Malawi's first Muslim female MP vows change

A year after being elected as the only female Muslim MP in the Malawi national assembly, Aisha Mambo has vowed to help other Muslim women take a seat in parliament

Malawi's first Muslim female MP vows change

World Bulletin / News Desk

Aisha Mambo has vowed to use her new role to advocate for a larger representation of Muslim women in the sub-Saharan country of Malawi, a year after she was elected as the first female Muslim MP in parliament according to an article in onislam.net.

“All along, I have always aspired to become a parliamentarian. Therefore, to make it to the National Assembly was a dream come a true for me," Mambo told OnIslam.net.

"I have always wanted to be among those people who make laws of the country, that I should be able to advocate for laws which are women-friendly and at the same time to help and empower fellow Muslim women through the laws which are made there,” she added.

Her first goal of winning a seat was realised in June 2014 in the district of Mangochi Mkungulu. Previously a journalist for Radio Islam, Mambo was amonsg 20 other Muslims who made it to the National Assembly.

“I went to parliament with a mission to emancipate fellow women from the palms of poverty and backwardness. It pains me to see that after 51 years of independence, the number of Muslim women actively participating in politics is very low," Mambo said.

"I came here to advocate for laws which could help to reverse this trend where possible, so that Women could be fully empowered to stand up and lead among men," she added.

The 40-year-old legislator observed that some of the major obstacles holding back Muslim women from actively participating in politics included lack of education and prevailing poverty levels.

"Due to cultural factors, most Muslim women have not attained basic education. This has made it difficult for them to participate in politics, and at the same time, a lot of women in the Muslim Communities are not fully empowered economically to stand on their own and try their luck in politics. Politics requires a lot of money, therefore most of them cannot dare to engage themselves in it," she said.

Religious and Cultural Barriers

The Mangochi Mkungulu district lies in the Muslim dominated region of the south, the parliamentarian who wears the Muslim head covering called hijab, observed that some sectors in Muslim community in the country used religion and culture to prevent women from taking part in politics and assuming leadership roles.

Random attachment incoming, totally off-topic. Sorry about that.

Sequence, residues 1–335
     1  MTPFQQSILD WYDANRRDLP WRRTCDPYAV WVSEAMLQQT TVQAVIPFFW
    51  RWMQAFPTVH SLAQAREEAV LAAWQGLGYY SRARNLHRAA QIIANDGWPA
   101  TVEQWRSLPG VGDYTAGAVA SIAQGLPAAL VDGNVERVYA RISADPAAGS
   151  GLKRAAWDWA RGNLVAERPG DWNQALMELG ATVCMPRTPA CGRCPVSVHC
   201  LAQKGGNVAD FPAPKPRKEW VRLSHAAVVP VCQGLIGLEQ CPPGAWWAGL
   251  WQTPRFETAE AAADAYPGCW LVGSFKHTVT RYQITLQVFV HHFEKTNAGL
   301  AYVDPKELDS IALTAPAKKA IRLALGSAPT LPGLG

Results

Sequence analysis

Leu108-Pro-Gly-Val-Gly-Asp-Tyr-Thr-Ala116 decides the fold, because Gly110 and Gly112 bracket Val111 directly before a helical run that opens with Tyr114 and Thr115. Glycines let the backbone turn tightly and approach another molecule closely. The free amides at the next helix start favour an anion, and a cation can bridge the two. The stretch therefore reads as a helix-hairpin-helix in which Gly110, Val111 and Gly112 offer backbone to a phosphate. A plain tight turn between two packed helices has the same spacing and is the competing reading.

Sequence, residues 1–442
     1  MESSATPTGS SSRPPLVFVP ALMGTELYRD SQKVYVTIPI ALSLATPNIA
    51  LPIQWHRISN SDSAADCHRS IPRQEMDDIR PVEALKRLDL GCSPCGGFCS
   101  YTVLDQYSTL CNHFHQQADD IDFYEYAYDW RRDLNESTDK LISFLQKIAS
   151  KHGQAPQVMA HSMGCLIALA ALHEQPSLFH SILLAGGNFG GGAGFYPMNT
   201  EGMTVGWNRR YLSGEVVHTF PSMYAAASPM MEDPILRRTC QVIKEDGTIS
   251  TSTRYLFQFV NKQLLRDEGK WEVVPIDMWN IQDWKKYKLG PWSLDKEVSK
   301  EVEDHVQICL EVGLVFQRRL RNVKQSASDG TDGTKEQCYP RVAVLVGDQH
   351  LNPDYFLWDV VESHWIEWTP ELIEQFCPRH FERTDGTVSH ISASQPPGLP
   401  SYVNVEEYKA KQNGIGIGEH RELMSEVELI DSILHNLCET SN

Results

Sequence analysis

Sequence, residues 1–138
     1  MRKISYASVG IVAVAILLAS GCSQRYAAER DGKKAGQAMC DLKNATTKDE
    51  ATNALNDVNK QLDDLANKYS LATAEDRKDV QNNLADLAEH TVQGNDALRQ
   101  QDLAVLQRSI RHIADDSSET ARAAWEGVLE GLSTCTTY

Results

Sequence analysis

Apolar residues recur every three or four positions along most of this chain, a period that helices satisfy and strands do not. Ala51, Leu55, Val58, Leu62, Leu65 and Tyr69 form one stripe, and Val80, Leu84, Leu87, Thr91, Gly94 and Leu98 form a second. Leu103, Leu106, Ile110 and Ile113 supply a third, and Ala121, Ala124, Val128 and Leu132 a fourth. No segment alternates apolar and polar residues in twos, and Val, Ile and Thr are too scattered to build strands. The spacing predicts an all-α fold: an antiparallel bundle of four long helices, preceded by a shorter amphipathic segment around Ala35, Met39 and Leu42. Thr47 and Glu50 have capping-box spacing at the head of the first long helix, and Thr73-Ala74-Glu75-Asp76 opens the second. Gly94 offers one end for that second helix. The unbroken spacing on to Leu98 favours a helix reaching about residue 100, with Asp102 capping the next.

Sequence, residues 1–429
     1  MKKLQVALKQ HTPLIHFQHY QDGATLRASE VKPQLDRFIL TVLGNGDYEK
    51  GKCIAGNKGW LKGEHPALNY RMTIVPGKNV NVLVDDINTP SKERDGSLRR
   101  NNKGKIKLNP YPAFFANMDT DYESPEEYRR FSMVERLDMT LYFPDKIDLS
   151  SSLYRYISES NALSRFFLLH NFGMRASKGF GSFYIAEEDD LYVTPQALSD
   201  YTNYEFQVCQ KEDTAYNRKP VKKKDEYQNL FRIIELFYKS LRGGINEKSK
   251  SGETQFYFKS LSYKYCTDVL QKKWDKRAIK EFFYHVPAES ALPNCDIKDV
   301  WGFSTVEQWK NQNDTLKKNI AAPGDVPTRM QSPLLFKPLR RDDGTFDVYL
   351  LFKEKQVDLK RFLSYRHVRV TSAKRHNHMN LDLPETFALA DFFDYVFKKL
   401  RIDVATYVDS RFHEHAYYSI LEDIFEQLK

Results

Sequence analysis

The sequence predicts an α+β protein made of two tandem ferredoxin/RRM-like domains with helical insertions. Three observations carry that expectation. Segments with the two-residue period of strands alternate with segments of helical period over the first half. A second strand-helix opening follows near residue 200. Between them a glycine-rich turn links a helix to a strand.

“But this is wrong. In religious activities, we can’t lead, but in politics, we can lead. There is nothing to stop us from assuming leadership roles. We have to lead and fight against societal challenges which are affecting our development in various aspects,” she said.

“During my meetings with people, including traditional leaders, I’m educating them to realize that there should be a line dividing politics and religion. Some men are hiding behind religion to bar women from leadership roles. I am therefore reaching out to them with this message. Time has come that we need to try our luck in leadership and governance.

“The Muslim community has accepted me and embraced me as a role model who can help change mindset and break the cultural barriers. I have taken advantage of this responsibility to reach out various groups of people to encourage women to come forward and lead.

”Of course, there is resistance in some circles, but slowly we’ll be able to get there. I am sensitizing girls on the need to get good education and aim high in life," she stressed.

Having said, that she also explained that a good education while sufficient, the stereotyping women politicians are subjected to was another battle that had to be overcome.

“Women politicians in Malawi are associated with all sorts of bad things and are called names like prostitutes. This has discouraged some women with sound education from becoming politicians. This is a challenge that we have to fight against if our societies are to attain any meaningful development," Mambo said.

"[The] time has come that we should be given a chance to lead in society. There is nothing forbidden about women becoming politicians. Some men are busy scheming to make the political landscape hard for a Muslim woman. We are being perceived as second class citizens."

Outlining her time in the National Assembly, Mambo said she had been accorded the much needed support.

"It's pleasing to note that I have been able to settle down. I’m getting necessary support from both male and female legislators. The onus is on me to prove to men that I have what it takes to deliver," she said.

Last Mod: 27 Ağustos 2015, 10:28
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